QUA, J. This is an action upon a promissory note for $5,000, dated November 8, 1935, made by the defendant, payable to the order of the plaintiff at the Webster and Atlas National Bank of Boston on January 21, 1936, and indorsed in blank. A second count upon an account annexed has been waived. The defendant contends that he gave this note for the accommodation of the plaintiff and therefore is not liable to the plaintiff upon it. Leonard v. Woodward, 305 Mass. 332 , 334, and cases cited. The plaintiff not only denies that the note could be found to be an accommodation note, but further contends that the evidence of an oral understanding upon which the defendant relies contradicts the express terms of this and previous notes signed by the defendant and therefore violates the parol evidence rule.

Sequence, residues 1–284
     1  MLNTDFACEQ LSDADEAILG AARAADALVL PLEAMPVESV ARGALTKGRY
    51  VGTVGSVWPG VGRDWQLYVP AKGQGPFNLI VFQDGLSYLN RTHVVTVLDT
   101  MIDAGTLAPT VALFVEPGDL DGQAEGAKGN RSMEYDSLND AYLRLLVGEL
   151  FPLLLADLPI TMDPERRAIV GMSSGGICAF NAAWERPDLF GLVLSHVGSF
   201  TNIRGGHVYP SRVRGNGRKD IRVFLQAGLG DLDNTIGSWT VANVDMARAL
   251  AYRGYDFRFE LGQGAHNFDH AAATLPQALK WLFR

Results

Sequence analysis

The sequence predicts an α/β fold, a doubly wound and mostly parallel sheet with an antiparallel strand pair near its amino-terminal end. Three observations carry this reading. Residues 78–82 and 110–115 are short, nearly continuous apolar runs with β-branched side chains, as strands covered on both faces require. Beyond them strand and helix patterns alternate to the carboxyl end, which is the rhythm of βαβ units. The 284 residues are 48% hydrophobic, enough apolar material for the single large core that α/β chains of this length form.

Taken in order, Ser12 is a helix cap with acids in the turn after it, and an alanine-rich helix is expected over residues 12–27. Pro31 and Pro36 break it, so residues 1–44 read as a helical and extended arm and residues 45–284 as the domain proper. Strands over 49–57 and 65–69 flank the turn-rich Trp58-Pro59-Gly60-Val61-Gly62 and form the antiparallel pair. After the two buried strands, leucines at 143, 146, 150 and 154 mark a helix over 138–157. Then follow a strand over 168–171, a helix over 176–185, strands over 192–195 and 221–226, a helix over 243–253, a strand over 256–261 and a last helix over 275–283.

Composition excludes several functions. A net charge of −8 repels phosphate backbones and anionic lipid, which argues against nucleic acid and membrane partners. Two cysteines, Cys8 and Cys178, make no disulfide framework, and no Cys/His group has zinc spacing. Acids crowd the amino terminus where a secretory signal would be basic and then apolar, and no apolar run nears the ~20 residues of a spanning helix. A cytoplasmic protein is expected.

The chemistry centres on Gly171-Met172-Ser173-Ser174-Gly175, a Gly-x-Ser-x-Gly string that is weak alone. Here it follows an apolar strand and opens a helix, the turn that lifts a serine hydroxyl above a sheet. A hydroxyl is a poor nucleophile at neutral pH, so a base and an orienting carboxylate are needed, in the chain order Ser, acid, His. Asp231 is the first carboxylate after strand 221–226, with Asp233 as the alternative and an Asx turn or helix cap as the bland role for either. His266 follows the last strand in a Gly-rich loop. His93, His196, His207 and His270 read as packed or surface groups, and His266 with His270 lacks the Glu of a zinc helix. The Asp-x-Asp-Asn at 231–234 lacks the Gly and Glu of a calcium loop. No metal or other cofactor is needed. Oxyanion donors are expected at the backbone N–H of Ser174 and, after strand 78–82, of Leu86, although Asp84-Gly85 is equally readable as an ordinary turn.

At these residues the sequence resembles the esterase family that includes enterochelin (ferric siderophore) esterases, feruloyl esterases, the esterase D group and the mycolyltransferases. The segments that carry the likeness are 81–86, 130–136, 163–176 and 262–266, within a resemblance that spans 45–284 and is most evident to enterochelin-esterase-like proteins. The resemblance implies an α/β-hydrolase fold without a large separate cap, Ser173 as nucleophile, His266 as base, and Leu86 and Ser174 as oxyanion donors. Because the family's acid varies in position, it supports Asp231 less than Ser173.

The defendant himself testified to the following effect: The defendant had been in the "wholesale food business." In 1934 and 1935 the plaintiff was the defendant's largest creditor for "beef and products" purchased by the defendant. Early in 1935 the plaintiff's president and treasurer began pressing the defendant for payment. The defendant spoke of going into bankruptcy. They told the defendant that the plaintiff was opening a building in Omaha and needed the money. The plaintiff's treasurer said he had "borrowed up to the limit" at his own bank, but that the defendant had a credit standing at the Webster and Atlas. The plaintiff's officers urged the defendant to give the plaintiff a note for $7,500 payable at the Webster and Atlas National Bank and promised the defendant that if he paid all he owed to the plaintiff except $5,000 the plaintiff would make him a present of that sum and would never call upon him to pay it; that if the defendant paid $2,500 to the